has also reviewed:

Cassidy's Courtship

A Sacred Trust

His Tender Touch
by Sharon Mignerey
(Silh. Int. Mom. #935, $4.25, PG-13) ISBN 0-373-07935-4
Sharon Mignerey's book, Cassidy's Courtship, exploded on the category romance scene last year. Such excitement and enthusiasm are normally reserved for after-Christmas half price sales. While His Tender Touch is a good read, it doesn't generate the same kind of excitement and enthusiasm as did its predecessor. It's as though Cassidy's Courtship touched a special place in all of us that His Tender Touch doesn't quite reach.

Is Gray Murdoch hallucinating? Seeing ghosts? When he sees an Indian woman trying to escape men on horseback and tries to help her, but touches nothing, has he seen the ghost of Puma's Lair? When the riders thunder past as though he's not even there and then disappear, he wonders what's going on?

Audrey Sussman's boss is an absentee owner of Puma's Lair, a guest ranch located in New Mexico. He suspects that all is not right, and has pulled Audrey off another job to perform an immediate audit. Needless to say, she's not welcomed with open arms. When only Gray Murdoch is on hand to meet her and is so far from welcoming as to warn her not to trust anybody, she wonders what's going on?

Audrey is more than unwelcome. She's being threatened. Her rental car has been sabotaged, she's hearing voices, and it's spooking her. What is odd is that she's not finding anything amiss with the books. When she takes Gray's advice to leave, she finds that a bridge is out. Waiting a bit to regain her wits after seeing the bridge collapse right in front of her, she doesn't know that her car is leaking carbon monoxide. When Gray finds her, barely coherent, he knows that he's got to break one of his hard and fast rules and help this young woman.

Gray, a cop on leave of absence, has excessive emotional baggage. His father died in prison, there because he abused his wife. Gray's two older brothers are also guilty of spousal abuse. Gray has promised himself that he'll never allow himself to get close to anyone. Even though he's attracted to Audrey, he won't let himself care for this appealing, gentle woman.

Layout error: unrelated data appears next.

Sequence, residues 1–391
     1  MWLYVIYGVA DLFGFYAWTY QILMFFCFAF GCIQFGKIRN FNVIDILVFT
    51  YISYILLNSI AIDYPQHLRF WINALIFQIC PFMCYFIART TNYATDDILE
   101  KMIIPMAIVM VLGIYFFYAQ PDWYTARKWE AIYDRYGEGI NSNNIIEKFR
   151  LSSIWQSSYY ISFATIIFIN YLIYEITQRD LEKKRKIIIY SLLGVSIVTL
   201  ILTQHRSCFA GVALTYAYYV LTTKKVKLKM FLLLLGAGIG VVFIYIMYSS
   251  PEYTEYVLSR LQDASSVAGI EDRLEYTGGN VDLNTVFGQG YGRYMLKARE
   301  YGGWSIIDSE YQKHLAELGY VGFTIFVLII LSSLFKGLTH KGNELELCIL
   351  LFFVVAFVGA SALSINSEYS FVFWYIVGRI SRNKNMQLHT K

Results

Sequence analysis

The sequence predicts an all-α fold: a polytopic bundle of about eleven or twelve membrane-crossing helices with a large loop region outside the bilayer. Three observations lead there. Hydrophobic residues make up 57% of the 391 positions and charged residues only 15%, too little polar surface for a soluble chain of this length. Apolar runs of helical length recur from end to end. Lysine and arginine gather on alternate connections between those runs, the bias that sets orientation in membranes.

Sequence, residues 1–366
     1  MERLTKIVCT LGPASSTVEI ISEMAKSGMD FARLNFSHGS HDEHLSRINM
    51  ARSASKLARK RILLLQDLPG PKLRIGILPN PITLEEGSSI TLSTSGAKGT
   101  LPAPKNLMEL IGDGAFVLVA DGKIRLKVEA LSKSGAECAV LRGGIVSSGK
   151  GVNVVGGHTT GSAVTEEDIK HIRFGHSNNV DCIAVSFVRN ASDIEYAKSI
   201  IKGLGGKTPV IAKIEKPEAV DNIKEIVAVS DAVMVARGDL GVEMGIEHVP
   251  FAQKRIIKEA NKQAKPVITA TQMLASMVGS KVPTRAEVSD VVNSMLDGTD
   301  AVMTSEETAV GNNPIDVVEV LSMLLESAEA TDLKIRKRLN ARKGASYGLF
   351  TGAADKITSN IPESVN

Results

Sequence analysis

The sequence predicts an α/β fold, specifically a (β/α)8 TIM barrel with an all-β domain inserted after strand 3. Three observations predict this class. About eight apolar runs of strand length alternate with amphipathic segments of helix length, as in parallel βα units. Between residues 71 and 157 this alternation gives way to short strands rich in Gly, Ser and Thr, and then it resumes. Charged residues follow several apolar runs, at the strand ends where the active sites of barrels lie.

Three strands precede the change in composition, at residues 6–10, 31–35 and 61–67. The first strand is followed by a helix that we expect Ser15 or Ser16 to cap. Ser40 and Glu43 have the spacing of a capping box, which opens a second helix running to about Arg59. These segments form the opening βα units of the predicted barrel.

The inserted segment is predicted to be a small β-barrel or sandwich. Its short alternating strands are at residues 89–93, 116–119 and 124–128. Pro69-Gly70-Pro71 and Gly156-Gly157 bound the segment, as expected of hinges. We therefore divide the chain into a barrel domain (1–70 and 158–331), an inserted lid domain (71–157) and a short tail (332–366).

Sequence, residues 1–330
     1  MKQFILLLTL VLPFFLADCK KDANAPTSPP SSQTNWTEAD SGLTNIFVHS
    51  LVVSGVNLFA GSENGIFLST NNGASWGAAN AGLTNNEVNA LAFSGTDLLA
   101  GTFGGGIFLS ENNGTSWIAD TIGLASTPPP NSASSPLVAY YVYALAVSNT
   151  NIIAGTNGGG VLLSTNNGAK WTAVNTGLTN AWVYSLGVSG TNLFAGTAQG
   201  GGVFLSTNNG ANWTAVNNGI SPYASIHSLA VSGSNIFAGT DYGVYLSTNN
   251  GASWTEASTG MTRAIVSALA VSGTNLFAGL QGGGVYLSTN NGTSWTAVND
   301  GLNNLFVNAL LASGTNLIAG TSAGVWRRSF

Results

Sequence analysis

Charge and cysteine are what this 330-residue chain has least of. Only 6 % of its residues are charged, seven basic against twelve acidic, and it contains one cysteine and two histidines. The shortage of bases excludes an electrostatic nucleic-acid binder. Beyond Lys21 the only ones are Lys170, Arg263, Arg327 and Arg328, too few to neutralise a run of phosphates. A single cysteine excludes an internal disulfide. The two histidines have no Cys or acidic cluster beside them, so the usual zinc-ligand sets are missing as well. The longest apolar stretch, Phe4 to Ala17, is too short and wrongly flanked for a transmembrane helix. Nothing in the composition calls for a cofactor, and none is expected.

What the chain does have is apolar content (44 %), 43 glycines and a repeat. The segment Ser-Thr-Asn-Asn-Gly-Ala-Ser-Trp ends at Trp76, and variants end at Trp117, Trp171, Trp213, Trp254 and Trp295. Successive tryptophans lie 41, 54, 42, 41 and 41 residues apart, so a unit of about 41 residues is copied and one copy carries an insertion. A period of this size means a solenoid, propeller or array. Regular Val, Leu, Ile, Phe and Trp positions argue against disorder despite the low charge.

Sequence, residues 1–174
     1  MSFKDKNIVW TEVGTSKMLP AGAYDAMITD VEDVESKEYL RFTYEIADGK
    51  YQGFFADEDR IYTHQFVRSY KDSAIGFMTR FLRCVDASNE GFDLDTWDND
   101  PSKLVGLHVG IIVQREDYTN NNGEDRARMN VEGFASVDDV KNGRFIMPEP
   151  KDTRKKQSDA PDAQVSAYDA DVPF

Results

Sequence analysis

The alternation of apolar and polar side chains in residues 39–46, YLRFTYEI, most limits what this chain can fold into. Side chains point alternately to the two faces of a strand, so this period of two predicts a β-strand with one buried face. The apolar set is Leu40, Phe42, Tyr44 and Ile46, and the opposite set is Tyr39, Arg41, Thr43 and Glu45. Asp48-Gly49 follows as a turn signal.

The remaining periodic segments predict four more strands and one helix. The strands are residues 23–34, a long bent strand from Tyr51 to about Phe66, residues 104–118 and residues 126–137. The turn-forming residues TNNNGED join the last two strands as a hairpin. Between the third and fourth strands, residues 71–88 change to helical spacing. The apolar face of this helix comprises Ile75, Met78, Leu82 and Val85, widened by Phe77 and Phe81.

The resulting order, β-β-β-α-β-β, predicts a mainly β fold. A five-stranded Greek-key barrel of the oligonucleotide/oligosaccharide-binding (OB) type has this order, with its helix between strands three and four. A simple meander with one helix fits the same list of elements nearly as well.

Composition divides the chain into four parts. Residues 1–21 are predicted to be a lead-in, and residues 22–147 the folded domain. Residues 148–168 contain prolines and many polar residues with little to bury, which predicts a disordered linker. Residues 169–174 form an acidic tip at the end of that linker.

His Tender Touch is a story with many layers. The relationship, of paramount importance to romance readers, is satisfying. Audrey, almost thirty, has yet to enter into a relationship. She knows intuitively that Gray is special, but also knows that he's worth fighting for. Even though Gray has advised her not to trust anyone, she knows he's the right man. A scene where she tries to show Gray, goading him into anger to prove that he's not a violent man, is especially poignant.

When the attacks on Audrey escalate and she and Gray must escape, the story moves to another level. While they are on foot, their nemesis, with a jeep and a high-powered rifle, is determined to get rid of them. When Audrey recognizes the killer, whose motives are suddenly clear, she knows that the killer will stop at nothing. Now she must trust Gray with more than her heart; she must trust him with her life. As these two attempt to find safety, the suspense builds as they use their wits to escape.

Another layer is that of the Indian woman, who appears to both Gray and Audrey. Her part becomes increasingly important as we realize that she has a message that's very important, one that's been decades in the telling.

The only thing that didn't ring true was how Gray and Audrey dealt with the villain. They know who he is; he's been shooting at them and has killed an employee at Puma's Lair. Yet when they reach safety, they don't mention their near-death experience to the police, there to investigate what they think is a suicide. Gray is a cop, but do the local police even listen to him? No. Another scene has the villain surprising Audrey, forcing her to come with him. Where's Gray? Out rounding up horses. Come on, guys. Show a little common sense here.

His Tender Touch is right on target with the relationship, but misses the mark in dealing with the bad guy. Still, the relationship is strong enough to offset the other weak points, making this a satisfying read.

--Linda Mowery

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